Overland will very much appeal to board game fans due to its familiar survival goals, slower pace, and levels resembling dioramic sets. The graphics are moody and the conversation between characters during the rich post-stage cut scenes are suitably bleak, truly capturing the end-of-the-world backdrop.

Overland

Dead End Job

As one of the few games that really tickled our nostalgia buttons for looking, sounding and acting like an 80s cartoon turned arcade game crossover, we’re highlighting Dead End Job as a must play.

You play Hector Plasm, a pest control worker… for ghosts. Your job is to use your plasma gun to attack a variety of mischievous entities just trying to live their post-lives across various backdrops from the humble office to the local park.

If it wasn’t obvious, Dead End Job is extremely silly, but it’s also incredibly well crafted thanks to its slick graphics, incessant wordplay, and devilish difficulty. If in doubt: button bash.

Dead End Job

The Get Out Kids

It’s another ode to the recent past, but what could be be more nostalgic than a narrative tale set in 1984 about a couple kids and their dog sneaking out of their parents house to watch a midnight showing of Ghostbusters? Nothing. The answer is nothing.

Its chapter-based approach, mini-puzzles, and mysterious events drive the game and easily earn it a place in our post-Stranger Things world, dimmed by the industrial afterglow of the 1980s. Fans of a good story and a unique approach to point-and-click games (with plenty of spinning worlds and hidden items) will love the way The Get Out Kids unfolds.

The Get Out Kids

Joe’s top three

Outlanders

For fans of town-building strategy games, this is a great title in the Arcade lineup. While the mechanics of the game will seem familiar – you’re in charge of a town and need to harvest and manage resources while working towards a series of goals – what’s great about Outlanders is its excellent look and feel.

It’s clean, crisp, and quick, and doesn’t seem cluttered or sluggish (as so many similar titles do). And it’s well grounded with storytelling hook: rather than letting you go off your own, Outlanders requires gamers to help town leaders through problems or dilemmas. It’s a game you can easily get lost in.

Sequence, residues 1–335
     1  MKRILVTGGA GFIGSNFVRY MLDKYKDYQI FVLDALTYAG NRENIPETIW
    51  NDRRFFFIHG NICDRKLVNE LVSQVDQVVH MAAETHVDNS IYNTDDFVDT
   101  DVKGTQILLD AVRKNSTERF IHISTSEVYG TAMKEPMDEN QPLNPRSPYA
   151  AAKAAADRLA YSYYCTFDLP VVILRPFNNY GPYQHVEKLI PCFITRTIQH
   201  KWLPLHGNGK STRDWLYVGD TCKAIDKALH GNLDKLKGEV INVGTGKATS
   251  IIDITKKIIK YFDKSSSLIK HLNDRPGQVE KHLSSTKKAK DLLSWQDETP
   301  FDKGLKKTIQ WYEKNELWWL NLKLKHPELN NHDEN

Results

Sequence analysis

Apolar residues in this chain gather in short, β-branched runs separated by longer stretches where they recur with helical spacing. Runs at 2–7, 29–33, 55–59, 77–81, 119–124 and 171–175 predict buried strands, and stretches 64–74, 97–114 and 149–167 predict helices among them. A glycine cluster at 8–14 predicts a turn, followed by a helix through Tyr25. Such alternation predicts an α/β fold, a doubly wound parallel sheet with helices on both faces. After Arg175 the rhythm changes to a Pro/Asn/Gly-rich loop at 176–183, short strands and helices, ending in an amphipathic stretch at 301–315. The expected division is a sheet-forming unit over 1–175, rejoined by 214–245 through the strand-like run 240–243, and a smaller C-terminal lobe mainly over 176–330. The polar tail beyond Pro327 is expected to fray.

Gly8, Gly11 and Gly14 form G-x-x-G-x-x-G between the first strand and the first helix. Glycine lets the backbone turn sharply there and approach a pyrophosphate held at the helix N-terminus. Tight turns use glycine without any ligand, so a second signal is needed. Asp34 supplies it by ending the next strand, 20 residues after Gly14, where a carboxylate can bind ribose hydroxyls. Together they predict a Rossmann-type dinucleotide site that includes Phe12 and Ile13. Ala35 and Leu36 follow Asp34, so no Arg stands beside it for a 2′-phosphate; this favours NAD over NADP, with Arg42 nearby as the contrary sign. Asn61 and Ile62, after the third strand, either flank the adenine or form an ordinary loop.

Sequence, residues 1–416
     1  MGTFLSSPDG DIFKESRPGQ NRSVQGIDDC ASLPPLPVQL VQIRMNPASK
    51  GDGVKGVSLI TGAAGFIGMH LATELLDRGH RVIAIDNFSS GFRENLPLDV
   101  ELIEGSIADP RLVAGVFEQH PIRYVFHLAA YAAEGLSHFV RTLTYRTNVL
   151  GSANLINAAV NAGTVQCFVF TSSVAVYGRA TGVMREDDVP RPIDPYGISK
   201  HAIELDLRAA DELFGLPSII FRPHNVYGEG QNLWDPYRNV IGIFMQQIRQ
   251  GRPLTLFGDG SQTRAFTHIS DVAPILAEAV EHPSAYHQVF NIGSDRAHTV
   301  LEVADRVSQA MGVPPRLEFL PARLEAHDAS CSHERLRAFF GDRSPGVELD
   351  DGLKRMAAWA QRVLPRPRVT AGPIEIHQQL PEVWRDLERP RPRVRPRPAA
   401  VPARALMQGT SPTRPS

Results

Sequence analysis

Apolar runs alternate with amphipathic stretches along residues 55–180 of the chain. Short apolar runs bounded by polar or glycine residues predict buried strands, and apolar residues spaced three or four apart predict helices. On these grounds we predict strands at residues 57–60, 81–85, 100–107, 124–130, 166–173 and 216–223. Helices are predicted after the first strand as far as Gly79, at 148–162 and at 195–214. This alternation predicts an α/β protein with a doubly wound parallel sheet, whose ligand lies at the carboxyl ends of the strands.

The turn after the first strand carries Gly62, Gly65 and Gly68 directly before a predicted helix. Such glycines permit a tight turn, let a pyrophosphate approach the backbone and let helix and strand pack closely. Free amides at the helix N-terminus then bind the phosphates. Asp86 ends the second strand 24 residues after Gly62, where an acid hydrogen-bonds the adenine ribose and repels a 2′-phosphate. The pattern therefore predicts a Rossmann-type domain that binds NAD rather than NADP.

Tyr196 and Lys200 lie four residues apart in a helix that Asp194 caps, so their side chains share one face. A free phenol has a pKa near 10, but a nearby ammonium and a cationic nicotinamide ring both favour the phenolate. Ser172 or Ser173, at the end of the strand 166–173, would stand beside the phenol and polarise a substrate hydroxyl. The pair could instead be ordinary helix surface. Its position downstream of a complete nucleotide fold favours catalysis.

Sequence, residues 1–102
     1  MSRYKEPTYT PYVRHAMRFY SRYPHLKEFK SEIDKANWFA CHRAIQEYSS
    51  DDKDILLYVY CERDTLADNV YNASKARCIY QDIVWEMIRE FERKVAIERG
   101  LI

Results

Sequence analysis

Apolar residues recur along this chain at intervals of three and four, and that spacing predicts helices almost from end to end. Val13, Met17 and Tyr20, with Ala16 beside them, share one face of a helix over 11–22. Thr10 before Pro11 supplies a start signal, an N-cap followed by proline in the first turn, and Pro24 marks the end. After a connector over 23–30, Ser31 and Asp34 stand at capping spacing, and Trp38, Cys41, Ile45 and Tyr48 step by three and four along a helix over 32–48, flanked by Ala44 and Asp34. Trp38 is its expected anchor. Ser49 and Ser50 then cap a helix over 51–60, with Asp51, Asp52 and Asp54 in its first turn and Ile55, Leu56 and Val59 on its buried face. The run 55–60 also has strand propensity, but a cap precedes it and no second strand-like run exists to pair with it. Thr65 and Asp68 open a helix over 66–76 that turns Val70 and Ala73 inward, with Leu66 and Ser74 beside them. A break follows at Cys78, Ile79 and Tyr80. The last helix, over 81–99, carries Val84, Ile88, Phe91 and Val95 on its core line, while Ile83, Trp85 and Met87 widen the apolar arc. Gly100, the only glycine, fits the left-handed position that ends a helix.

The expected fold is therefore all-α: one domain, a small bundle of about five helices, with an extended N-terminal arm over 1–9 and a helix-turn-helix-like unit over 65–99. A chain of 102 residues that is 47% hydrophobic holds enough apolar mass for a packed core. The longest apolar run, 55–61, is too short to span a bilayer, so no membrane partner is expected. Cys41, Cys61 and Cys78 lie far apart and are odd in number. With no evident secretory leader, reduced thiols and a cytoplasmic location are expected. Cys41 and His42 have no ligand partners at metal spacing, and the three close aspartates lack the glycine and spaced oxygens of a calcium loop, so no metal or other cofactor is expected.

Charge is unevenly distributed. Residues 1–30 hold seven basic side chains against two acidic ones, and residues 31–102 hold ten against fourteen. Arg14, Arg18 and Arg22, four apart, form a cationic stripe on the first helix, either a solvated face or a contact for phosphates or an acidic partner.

Outlanders

Projection: First Light

It’s easy to overlook this game as just another Limbo clone, but this 2D platformer-puzzler is a real gem. In it, you take control of Greta – a shadow puppet girl chasing a ball of light through a shadowy sepia world. Players can help Greta out through pulling levers and moving objects which are hidden here and there. But you can also manipulate the light to cast shadows over which Greta can walk, creating hills and bridges out of thin air.

Combined with the game’s rich environments and careful soundtrack, this makes Projection: First Light a lot of fun to play – especially on an OLED iPhone in a dark room!

Projection

Spaceland

The beauty of an Arcade subscription is you can try lots of new things, and this is a great example. It’s a turn-based tactical sci-fi game for people who don’t usually go in for those genres, in which you investigate a strange, icy planet inhabited by dangerous alien monsters.

Turn-based gaming might sound slow-paced, but that isn’t the case here: you can quickly tap through moves and attacks to progress through areas at a pretty fast rate, uncovering new characters and topping up your ammo as you go. Spaceland lets you build up a squad and take on enemies in team-based combat, too, and with a huge range of weapons (and enemies) to discover, you won’t get bored quickly.

Spaceland